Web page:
Learning to love—no, crave—the only non-controversial food group.
I was cooking up some turkey bacon for my kids’ breakfast when my husband read me the headline about the World Health Organization’s (WHO) decision to designate processed meat as a “Group 1 carcinogen” (that’s the same category as cigarettes). Up until that moment, I’d been pretty proud of the recent addition of bacon to our morning repertoire and was pleased to cut out carbs and replace them with “healthy” protein. Now I was throwing my hands up in frustration. Was I poisoning my children?
When Andrine Nichols decided to adopt a vegetarian lifestyle nearly 20 years ago, she admits that it was quite a challenge at first.
“Whenever I went out to eat, I’d have to order a pasta entrée or salad and tell them to hold the meat, and it really bothered me to have to pay for meat that I wasn’t even eating,” says Nichols, who lives in Maryland. “These days, it’s a lot easier; most restaurants, even steakhouses, have at least a few vegetarian dishes on the menu.”
Quick—which one fruit most reminds you of summer?
Did you say watermelon? If you didn’t say watermelon, I suspect the beautiful photo gave it away. Anyway, if you did say watermelon, you’re not alone; I conducted an informal poll at a recent get-together, and every single person I asked (all 8 of them) said watermelon too.
Besides practicing poses and breathing, yogis also need to nourish their bodies. Since there’s been so much talk lately about clean eating, I decided to talk to an expert about all that it entails. Caroline Kaufman, MS, RDN, the spokesperson for the California Dietetic Association, agreed to answer my questions.
What exactly is clean eating?
My grandfather, not one given to understatement, frequently declared many modern-day foods to be “poison” and dismissed them with a wave of his hand. Among the offenders? Margarine (“anything that doesn’t freeze at freezing temperatures isn’t right…”). Pam cooking spray (“work of the devil!”). Whipped cream in an aerosol (“Unnatural!”).
I can only imagine his response to today’s offerings.
I had an interesting realization last month when I joined my sisters-in-laws on their annual pilgrimage to the mall for some Black Friday consumerism. We all left the mall pretty much empty-handed, and I realized that I just don’t really shop at malls and chain stores anymore, particularly for gifts. Instead, I am trolling the cute indie boutiques for the perfect, unique gift, and searching online for interesting options from fun online retailers. Luckily, when it comes to foodies on my list, there are plenty of options, so shopping’s a breeze. Here are some places to look online for some wonderful cooking-related gifts that have an environmentally friendly focus.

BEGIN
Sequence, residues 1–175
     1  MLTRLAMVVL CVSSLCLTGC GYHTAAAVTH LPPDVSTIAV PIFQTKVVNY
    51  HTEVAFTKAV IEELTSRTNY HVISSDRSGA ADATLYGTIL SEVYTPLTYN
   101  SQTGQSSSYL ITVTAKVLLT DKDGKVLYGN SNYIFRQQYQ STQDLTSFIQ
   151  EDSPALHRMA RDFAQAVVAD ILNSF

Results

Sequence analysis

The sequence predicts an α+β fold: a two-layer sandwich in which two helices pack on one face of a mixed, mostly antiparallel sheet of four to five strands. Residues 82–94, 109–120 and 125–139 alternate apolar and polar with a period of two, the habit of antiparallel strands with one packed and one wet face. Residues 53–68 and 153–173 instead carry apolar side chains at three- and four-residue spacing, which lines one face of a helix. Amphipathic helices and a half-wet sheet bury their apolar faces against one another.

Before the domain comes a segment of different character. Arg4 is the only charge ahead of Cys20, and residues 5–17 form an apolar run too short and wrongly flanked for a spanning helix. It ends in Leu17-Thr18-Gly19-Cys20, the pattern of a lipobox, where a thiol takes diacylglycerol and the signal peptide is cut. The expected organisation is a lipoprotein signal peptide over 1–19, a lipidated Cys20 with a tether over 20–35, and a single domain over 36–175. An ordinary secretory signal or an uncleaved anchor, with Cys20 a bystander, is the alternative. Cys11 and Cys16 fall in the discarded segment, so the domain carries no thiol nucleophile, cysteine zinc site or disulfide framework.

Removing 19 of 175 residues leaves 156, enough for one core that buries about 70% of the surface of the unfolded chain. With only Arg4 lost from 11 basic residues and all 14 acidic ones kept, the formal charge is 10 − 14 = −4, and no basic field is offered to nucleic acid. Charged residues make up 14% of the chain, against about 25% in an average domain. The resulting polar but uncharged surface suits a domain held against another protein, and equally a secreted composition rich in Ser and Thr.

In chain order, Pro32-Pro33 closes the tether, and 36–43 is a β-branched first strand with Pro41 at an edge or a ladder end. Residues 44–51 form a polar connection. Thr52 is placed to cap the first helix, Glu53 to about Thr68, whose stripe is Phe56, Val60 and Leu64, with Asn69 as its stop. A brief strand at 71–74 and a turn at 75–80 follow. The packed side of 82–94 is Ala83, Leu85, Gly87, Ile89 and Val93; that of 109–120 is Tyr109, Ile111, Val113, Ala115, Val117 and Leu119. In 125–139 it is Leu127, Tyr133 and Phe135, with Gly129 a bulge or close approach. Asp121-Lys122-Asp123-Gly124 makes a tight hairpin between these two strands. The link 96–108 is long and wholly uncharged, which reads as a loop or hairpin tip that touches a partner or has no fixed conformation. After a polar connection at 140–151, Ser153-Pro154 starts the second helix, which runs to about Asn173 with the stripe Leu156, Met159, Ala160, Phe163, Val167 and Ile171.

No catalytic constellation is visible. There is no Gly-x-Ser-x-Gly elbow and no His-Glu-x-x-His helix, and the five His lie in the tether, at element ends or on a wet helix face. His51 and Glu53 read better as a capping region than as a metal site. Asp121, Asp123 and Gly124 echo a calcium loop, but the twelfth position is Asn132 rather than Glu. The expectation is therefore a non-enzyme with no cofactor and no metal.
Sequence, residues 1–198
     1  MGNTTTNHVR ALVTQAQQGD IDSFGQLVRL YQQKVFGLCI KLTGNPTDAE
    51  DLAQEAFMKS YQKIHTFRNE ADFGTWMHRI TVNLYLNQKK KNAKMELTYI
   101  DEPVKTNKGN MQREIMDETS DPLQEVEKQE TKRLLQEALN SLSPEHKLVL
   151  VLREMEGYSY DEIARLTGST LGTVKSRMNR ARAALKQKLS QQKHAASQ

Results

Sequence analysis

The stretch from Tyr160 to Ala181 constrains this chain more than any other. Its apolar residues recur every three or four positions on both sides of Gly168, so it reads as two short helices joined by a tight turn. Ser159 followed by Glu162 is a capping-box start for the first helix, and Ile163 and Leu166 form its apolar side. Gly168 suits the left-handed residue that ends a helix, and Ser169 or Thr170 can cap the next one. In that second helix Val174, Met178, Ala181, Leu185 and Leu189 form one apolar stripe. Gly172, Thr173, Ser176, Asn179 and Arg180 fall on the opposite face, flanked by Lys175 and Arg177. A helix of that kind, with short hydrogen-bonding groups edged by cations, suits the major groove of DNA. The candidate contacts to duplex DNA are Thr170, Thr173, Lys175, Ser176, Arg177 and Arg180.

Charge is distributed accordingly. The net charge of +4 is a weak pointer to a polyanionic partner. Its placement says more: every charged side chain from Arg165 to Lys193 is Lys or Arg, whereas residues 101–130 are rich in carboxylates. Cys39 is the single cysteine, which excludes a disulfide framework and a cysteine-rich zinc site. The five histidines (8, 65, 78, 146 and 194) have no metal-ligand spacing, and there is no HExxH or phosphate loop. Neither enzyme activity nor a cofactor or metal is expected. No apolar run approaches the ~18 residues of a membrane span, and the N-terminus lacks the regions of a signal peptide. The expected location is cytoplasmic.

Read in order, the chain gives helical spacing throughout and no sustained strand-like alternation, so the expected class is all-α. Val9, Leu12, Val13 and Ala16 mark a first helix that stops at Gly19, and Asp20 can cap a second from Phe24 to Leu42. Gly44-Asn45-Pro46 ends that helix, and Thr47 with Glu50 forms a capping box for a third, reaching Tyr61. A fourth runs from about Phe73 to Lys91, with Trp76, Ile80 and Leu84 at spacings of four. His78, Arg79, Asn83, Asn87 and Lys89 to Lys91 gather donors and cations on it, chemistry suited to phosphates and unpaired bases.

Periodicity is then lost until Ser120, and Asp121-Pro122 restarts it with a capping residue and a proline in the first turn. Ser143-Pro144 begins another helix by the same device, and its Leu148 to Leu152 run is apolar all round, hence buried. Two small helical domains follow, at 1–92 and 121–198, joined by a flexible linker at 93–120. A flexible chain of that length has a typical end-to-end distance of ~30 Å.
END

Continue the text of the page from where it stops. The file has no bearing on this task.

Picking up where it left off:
I’ve mentioned before my family tradition of sharing what we’re thankful for before we begin eating our Thanksgiving feast.
While this year has been a challenging one for so many people I know (and certainly my family hasn’t been immune to this) I think that there is still plenty for us to be thankful for, particularly when it comes to food and our food sources. This year, I’m looking more broadly than my little family. Here’s what I think we all can be thankful for:
In our house, as in many, we have a Thanksgiving tradition where we go around the table and each person shares what he or she is most thankful for. It’s a nice, introspective pause before we all dig in to an enormous feast that took days to prepare, and my only regret is that it’s something that we only do once a year.
This year, for the first time in many years, I’ll be spending Thanksgiving with my mom. It’s the favorite for both my mom and myself, so you can imagine we’re pretty jazzed about it. In fact, we’re already working on planning our menu and figuring out the timeline.
The other day I was frantically grocery shopping at 6pm, trying to find something nourishing and wholesome I could make for dinner that very night. My idea was stir-fried vegetables over brown rice, but I knew brown rice would take way too long to cook.